Shane Tenny (10:12):

Yeah. I should. And to put a point on it, it's always a decrease in compensation, nobody ever complains about increases in compensation.

Anu Murthy (10:19):

Right. Right.

Shane Tenny (10:19):

A specific question, which is, as we know, billing is complicated, billing departments change, billing vendors change. How long does a physician need to wait to get something fixed? I'm thinking of the scenarios where you have providers that go to the billing department or go to their regional representative, like this is not working. Oh, well, let's look into it. And then it's months and months, and months, and that sort of thing. At some point you get antsy or frustrated. Is there a fixed amount of time or as soon as it seems like there's no progress, is it appropriate to reach out to an attorney or to their original healthcare attorney?

Anu Murthy (10:55):

That's a great question. I think that, again, it depends on the frequency of how you're being bonused out. If it's a monthly bonus and it's decreased or diminished a couple months, I think that you certainly bring it up. You give them some time to fix it, explain it to you, et cetera, et cetera. And then I think if a quarter goes by that you're seeing discrepancies, then I think it's absolutely appropriate to reach out to both an attorney and potentially an accountant as well.

Shane Tenny (11:25):

Talk a little bit about the employment contract is the agreement between two parties, to each other's rights and responsibilities. What are we going to do? At some point though, the intent there is to avoid any breach of contract, but talk a little bit about what a breach of contract is, how it can happen on either party and then what the steps are on the part of the physician or the provider.

Anu Murthy (11:48):

Sure. So under a standard employment contract, both parties have certain rights and responsibilities. And when one party does not perform under the terms of the contract, then there is what we call a breach. You're not performing up to your end of the bargain. Some breaches can be fixed or what we call cured almost immediately. For example, if there's a physician who has led board certification labs or something like that, it can be something that was inadvertent and can be fixed, you get a notice of breach. Some breaches say, you lose your license. That's something that you're no longer able to perform under the contract, your duties as a physician that's would be a cause for an immediate termination. But I think that the breaches that you see on the employer side, while they're not impossible to address, it's a little bit harder.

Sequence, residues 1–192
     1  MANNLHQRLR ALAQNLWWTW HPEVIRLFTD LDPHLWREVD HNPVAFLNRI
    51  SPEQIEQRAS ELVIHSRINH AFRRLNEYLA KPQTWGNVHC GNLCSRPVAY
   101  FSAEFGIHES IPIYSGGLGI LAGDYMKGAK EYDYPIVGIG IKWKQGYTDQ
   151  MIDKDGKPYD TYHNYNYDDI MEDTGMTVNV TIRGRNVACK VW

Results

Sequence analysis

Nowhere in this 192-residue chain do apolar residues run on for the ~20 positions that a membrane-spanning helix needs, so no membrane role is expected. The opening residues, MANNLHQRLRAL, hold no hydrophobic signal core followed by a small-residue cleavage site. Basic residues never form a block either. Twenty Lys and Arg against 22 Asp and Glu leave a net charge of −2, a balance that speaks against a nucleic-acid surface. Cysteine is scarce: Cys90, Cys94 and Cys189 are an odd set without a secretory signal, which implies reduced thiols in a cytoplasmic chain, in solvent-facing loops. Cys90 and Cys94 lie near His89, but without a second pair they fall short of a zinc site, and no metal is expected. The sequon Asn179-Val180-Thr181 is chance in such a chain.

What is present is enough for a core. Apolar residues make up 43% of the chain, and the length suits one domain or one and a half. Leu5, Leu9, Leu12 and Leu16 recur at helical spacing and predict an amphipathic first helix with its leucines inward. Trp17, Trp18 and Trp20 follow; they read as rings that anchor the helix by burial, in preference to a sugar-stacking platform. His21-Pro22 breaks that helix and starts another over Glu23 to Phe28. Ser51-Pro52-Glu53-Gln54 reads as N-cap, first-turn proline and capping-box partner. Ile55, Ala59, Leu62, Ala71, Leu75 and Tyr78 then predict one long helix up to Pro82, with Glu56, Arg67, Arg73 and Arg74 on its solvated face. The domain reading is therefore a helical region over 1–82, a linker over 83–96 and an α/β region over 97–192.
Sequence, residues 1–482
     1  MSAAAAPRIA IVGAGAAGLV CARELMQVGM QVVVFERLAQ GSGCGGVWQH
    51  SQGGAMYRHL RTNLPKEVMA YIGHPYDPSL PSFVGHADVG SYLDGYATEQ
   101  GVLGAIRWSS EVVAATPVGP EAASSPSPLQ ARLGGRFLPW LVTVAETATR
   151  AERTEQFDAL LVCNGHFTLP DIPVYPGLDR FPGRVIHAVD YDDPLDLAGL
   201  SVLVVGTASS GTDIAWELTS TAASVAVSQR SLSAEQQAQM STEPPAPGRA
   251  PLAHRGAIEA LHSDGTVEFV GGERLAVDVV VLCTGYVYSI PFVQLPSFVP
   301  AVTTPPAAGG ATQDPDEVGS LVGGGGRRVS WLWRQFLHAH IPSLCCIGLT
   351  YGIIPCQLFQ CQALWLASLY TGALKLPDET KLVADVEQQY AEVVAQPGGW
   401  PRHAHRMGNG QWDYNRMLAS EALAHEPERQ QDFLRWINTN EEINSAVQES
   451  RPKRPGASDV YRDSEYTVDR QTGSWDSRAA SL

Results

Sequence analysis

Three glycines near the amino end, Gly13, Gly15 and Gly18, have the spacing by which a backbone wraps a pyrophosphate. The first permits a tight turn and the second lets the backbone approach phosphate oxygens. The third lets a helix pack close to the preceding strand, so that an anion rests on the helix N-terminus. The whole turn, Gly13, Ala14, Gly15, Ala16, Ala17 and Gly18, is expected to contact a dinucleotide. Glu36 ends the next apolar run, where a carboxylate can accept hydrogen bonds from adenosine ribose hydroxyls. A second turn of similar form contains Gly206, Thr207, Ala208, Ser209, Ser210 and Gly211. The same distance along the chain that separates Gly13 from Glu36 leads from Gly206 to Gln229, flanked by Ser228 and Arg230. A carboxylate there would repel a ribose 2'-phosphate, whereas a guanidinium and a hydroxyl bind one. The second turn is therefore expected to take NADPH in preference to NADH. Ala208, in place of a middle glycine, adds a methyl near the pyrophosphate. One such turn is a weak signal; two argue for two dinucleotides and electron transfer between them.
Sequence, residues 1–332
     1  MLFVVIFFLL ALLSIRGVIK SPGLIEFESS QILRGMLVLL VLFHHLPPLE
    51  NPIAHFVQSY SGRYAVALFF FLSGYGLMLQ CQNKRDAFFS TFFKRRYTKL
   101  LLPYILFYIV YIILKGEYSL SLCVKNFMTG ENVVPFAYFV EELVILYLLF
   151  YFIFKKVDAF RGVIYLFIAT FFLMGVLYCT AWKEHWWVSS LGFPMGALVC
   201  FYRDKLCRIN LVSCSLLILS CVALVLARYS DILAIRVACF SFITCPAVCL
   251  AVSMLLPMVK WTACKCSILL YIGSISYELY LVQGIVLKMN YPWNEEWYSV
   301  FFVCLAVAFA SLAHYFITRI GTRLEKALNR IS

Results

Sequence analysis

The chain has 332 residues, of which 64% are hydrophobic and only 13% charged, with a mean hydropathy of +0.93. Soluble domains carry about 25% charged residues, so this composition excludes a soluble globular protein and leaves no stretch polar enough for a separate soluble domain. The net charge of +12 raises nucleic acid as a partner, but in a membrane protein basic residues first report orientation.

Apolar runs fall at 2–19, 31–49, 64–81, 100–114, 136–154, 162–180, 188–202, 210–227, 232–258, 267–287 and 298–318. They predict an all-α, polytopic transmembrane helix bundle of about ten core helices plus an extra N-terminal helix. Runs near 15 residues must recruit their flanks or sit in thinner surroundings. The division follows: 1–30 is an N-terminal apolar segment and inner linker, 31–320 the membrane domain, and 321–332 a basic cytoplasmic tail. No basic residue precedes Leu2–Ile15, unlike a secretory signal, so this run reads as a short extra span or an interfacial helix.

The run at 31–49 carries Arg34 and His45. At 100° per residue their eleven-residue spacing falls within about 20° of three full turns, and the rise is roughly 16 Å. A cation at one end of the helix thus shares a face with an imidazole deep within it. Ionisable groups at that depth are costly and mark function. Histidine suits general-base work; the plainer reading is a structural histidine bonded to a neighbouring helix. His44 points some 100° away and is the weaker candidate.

Anu Murthy (12:55):

If you look at most employment contracts, you will see a whole bunch of reasons why a physician can be terminated, but you don't really see as many reasons to allow the physician employee to terminate the contract for a cause. And yeah, most employment contracts with the health systems tend to be weighted heavily in favor of the employer. I personally think that's going to get worse because at least for the past few decades, when there's been a perceived or real shortage of physicians and specialists, physicians have had some power with employers. But now as you know, COVID has brought us unprecedented levels of physicians who have been furloughed and now not employed. And so that equation has turned on its head. So I'm worried that physicians will be signing contracts that will be even more weighted heavily in favor of the employer.

Shane Tenny (14:07):

I guess one final question on the breach maybe before we take a quick break, which is if one party in the circumstance that you are alluding to there. If there's a circumstance where the hospital or the healthcare system is not fulfilling some element of the contract, they're obligated to whether it's timely payment of call pay or things like that. If they are found to have breached the contract first, does it then absolve the subsequent breach by the physician who says, well, forget this. I'm going to work for a competitor anyway. Therefore my non-compete isn't enforceable?

Anu Murthy (14:35):

No, I wish it was as simple as that. It wouldn't likely happen that way. If there is a significant breach, then you as the employee is still need to give notice and notice to cure and allow them to cure the breach and come to the table. It doesn't necessarily mean that the other responsibilities that you have under the contract are absolved. It's usually not that simple.

Shane Tenny (15:00):

Right. Yeah. I think key takeaway you don't get a free hall pass, just because the other guy screws up.

Anu Murthy (15:04):

Exactly. Yeah.

Shane Tenny (15:05):

Perfect. Well, right after this, I want to go deeper into what you've been seeing with COVID and its impact on compensation and employments and things. So we'll hit that right after this break.

Shane Tenny (15:18):

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Shane Tenny (16:01):

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Shane Tenny (16:48):